Connecticut’s unemployment rate dropped to 6 percent in May, buoyed by the addition of 6,400 new non-farm jobs, the state Department of Labor reported Thursday.
The jobless rate originally stood at 6.3 percent in April, though the labor department revised the number Thursday to 6.2 percent.
With the May gains, Connecticut now has added jobs for 20 consecutive months. The unemployment rate is down from 6.6 percent in May 2014.
“Connecticut year-to-date job gains are showing their strongest performance since the employment recovery began in 2010,” said Andy Condon, director of the labor department’s Office of Research. “The state’s jobless rate has fallen quickly in the last two months, even with strong labor force growth, and it appears to be converging closer to the U.S, jobless rate.”
The labor force, which includes not only those employed but also those actively seeking work, now stands at an all-time high of 1.92 million.
“This jobs report is yet another validation of our progress – because of our efforts, Connecticut’s economy is growing, job numbers are steadily improving, and employment is reaching heights that it hasn’t in decades,” Gov. Dannel P.Malloy said.
But the state still has not recovered all of the jobs it lost during the last recession. According to the labor department, Connecticut has recovered 97,800, or 82.2 percent of the 119,000 jobs lost between March 2008 and February 2010.
“We are no doubt making progress as we work today to deliver a brighter tomorrow for the residents of our state. Our efforts are focused on delivering long-term growth and prosperity, and we are committed to continuing our efforts to move Connecticut forward, because we believe everyone in our state who wants a job should have one.”
But the Connecticut Business and Industry Association, which has been protesting the $1.5 billion in tax hikes built into the new, two-year state budget, said Connecticut still has made to little progress recovering jobs.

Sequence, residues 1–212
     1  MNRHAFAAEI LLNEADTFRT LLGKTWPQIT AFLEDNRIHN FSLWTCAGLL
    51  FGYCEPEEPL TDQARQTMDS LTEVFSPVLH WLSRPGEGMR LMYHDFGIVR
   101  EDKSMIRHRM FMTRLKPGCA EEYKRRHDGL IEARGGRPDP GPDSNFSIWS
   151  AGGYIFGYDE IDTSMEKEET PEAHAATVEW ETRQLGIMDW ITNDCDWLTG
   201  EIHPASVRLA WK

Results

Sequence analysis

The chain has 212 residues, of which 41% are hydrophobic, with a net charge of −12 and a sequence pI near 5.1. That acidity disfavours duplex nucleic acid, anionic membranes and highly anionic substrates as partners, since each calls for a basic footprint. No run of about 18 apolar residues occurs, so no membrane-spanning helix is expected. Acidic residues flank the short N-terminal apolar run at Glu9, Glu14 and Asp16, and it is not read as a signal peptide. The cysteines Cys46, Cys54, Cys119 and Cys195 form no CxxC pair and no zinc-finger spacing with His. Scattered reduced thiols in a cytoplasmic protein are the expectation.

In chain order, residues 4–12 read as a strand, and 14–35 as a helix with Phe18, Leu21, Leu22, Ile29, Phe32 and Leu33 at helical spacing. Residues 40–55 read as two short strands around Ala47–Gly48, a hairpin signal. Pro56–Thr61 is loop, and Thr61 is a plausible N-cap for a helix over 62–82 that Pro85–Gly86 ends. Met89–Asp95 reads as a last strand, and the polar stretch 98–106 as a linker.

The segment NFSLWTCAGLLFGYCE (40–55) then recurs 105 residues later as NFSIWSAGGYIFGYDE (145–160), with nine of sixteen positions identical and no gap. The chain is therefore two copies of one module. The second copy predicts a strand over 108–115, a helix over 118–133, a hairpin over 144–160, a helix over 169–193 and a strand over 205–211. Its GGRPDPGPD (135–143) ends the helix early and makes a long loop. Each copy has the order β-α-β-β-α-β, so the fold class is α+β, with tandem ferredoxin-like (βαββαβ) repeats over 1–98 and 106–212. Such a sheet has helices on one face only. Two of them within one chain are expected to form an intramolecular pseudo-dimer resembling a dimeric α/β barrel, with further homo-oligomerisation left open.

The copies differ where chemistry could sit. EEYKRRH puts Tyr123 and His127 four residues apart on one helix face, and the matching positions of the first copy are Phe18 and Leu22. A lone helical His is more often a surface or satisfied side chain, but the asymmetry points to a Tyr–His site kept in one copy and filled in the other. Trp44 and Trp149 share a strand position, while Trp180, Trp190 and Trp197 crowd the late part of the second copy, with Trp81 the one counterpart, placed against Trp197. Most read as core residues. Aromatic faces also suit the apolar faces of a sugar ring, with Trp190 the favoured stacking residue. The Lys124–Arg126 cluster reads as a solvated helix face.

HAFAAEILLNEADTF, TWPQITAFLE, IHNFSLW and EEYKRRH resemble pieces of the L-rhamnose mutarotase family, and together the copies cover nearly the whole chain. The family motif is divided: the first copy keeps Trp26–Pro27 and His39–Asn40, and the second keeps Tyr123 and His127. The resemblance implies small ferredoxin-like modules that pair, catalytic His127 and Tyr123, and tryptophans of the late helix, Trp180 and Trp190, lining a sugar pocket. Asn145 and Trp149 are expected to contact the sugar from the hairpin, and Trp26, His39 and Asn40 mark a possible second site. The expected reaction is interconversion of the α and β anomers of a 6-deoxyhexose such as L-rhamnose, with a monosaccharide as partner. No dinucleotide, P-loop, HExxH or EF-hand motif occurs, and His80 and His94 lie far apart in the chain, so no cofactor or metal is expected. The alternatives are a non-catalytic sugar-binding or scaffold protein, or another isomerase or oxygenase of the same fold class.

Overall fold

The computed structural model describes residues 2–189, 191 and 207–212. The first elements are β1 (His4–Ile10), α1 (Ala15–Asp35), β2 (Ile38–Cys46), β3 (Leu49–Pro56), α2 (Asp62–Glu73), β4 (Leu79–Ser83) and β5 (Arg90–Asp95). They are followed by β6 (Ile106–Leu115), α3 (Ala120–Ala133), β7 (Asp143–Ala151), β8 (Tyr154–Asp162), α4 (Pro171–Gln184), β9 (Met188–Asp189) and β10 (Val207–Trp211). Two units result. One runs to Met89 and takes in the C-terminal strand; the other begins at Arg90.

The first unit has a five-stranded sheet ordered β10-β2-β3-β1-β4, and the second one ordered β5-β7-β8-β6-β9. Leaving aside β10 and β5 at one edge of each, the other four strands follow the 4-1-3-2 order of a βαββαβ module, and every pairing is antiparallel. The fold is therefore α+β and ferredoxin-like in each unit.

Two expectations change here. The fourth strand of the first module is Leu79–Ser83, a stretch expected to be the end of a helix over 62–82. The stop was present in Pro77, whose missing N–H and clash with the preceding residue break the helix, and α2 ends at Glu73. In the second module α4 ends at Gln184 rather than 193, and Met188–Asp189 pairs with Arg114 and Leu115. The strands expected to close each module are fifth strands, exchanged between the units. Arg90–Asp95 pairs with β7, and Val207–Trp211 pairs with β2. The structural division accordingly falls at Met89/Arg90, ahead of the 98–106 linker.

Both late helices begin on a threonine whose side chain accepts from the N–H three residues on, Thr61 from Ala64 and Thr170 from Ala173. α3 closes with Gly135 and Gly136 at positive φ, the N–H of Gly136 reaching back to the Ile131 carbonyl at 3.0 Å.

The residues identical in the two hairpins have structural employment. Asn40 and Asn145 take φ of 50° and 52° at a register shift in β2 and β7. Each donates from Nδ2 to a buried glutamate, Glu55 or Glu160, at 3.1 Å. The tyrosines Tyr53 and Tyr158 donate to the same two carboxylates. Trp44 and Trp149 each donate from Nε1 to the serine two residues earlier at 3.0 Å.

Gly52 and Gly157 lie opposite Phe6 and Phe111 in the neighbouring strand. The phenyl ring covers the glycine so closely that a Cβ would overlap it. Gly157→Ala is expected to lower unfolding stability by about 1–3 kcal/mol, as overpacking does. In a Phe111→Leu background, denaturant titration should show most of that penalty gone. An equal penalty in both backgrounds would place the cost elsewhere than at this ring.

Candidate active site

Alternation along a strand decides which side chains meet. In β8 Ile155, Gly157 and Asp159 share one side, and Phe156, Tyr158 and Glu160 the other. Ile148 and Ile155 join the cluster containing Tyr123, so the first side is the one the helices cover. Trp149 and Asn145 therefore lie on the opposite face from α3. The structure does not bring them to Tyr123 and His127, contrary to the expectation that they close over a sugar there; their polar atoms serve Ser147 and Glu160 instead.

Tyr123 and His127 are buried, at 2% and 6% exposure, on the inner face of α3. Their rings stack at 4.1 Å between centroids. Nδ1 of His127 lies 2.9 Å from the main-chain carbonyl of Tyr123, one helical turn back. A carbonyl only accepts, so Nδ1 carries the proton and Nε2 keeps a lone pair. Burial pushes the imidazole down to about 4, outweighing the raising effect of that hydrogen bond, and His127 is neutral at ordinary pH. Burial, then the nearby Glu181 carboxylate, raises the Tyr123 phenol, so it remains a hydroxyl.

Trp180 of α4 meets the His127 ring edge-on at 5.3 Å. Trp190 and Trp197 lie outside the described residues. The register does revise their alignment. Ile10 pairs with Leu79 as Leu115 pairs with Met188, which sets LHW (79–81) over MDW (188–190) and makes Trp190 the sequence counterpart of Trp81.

“It is absolutely critical for the state of Connecticut to pass a budget and tax package that will help businesses make investments to create more jobs,” said CBIA senior economist Peter Gioia, ” because even with this positive report, that is certainly needed.”
The report indicates some gains in wages at a time of little or no inflation, as measured by the consumer price index.
The private sector work week was little changed, down two-tenths of an hour from a year ago. Average hourly earnings of $28.70 were up 3.2 percent from the May 2014 estimate. The resulting average private sector weekly pay was $955.71, up 2.5 percent over a year ago.
Six of the state’s 10 industry supersectors reported increases in May, led by trade, transportation and utilities, which added 3,200 jobs. Other supersectors that gained jobs included: construction and mining; leisure and hospitality; professional and business services; information; and other services.
Manufacturing saw the most job losses in May, down 1,000 jobs. The government and health and education supersectors also lost jobs, while financial activities was unchanged last month.
The Hartford area labor market experienced the most job gains in May, adding 5,000 positions, while the Norwich-New London market gained 1,300. The Bridgeport-Stamford-Norwalk market saw the biggest decline with 1,500 jobs lost last month, while the New Haven market lost 1,100.